Singing in exclusively in Spanish has probably limited their audience, Abarca admits, but it’s another facet of being honest to themselves and their community.
“I feel like I can’t sing in English – my English singing [and] speaking voice is all weird,” he says, in perfectly un-weird English. “‘If only they sang in English’ – I mean, I’ve heard that a couple of times. But it’s like, well, then fuck you, man!”
While still punky and snotty, with songs averaging barely two minutes, Reflejos finds Generacion Suicida exploring nuances within their sound, not least because the now fully-integrated Quezada and Jacobo are infusing the songs with their sometimes Cure-ish or surf-y melodic and textural instincts. And they don’t rule out embracing keys, strings and even sax on future records.
“It’ll be cool to make like a ‘big’ record, even if we do it ourselves,” mulls Quezada, whose shades and beret lend him a convincing Carlos the Jackal air onstage. “I feel like we could do that, even with our style.”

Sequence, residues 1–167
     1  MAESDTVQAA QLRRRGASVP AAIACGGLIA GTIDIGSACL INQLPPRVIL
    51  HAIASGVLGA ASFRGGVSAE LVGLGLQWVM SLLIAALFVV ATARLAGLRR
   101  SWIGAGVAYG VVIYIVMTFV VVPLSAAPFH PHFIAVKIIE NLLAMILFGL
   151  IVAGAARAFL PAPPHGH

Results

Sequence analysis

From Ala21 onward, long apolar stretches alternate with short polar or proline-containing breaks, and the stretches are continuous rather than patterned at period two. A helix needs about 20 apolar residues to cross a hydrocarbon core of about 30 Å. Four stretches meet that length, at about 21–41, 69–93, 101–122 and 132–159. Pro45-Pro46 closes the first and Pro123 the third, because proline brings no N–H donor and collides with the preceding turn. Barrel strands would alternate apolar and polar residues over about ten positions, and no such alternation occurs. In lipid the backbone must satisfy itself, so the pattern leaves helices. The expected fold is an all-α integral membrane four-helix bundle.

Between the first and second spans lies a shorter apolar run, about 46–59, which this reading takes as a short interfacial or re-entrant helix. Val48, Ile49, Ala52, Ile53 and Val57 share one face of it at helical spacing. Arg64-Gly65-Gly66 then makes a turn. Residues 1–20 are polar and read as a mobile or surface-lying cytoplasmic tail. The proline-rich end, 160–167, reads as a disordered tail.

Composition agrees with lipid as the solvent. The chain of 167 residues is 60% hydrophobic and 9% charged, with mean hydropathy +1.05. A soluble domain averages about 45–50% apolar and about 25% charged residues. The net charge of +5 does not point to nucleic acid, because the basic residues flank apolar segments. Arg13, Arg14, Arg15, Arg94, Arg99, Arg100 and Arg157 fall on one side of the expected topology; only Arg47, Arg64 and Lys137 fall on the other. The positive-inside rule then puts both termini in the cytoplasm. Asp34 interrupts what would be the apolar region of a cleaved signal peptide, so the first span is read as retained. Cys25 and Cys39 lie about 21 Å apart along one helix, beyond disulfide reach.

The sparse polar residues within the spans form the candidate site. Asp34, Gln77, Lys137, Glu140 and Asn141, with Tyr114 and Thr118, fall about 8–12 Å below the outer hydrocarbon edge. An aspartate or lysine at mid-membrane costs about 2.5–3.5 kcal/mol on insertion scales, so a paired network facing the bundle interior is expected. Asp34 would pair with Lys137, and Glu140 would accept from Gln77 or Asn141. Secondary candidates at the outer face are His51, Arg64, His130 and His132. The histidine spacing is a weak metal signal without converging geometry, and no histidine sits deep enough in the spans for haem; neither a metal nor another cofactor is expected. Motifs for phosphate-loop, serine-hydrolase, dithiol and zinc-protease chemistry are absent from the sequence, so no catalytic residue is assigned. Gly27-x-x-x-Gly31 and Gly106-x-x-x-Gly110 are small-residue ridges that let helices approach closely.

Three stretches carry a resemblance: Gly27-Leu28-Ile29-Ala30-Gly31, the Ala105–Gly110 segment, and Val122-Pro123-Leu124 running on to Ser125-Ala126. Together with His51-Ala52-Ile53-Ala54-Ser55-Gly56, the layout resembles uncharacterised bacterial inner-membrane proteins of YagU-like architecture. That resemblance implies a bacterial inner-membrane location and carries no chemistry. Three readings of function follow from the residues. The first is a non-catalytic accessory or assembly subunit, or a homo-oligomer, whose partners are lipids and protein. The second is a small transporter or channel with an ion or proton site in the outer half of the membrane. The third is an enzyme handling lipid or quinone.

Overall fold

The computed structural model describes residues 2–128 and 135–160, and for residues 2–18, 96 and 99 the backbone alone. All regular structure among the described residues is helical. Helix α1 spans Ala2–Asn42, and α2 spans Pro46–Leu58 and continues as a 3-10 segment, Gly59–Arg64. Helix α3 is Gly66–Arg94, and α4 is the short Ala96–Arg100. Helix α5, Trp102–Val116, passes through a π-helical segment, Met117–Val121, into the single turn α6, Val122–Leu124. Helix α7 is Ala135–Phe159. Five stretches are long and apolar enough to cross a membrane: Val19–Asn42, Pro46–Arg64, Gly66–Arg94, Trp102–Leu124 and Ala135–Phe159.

But Generacion Suicida -- all 30 years old -- don’t over-plan or worry about the future. They’ve found that when they get the big picture right, the music follows.
“The first day [on tour], everybody gets really drunk and Elias and Kiwi fight,” chuckles Abarca, the band’s peace-making diplomat and unofficial dad. “For the rest of the tour, nobody drinks!”
Abarca claims that they’ve already turned down two or three offers from major record labels because, while he admits that the financial support would be welcome, his priority is to make music on their own terms (though G.S. did license a song for a Levi’s commercial in order to fund a Japanese tour).
“As long as we’re still family-oriented – really working together, like a family – then I think our music will always be good.”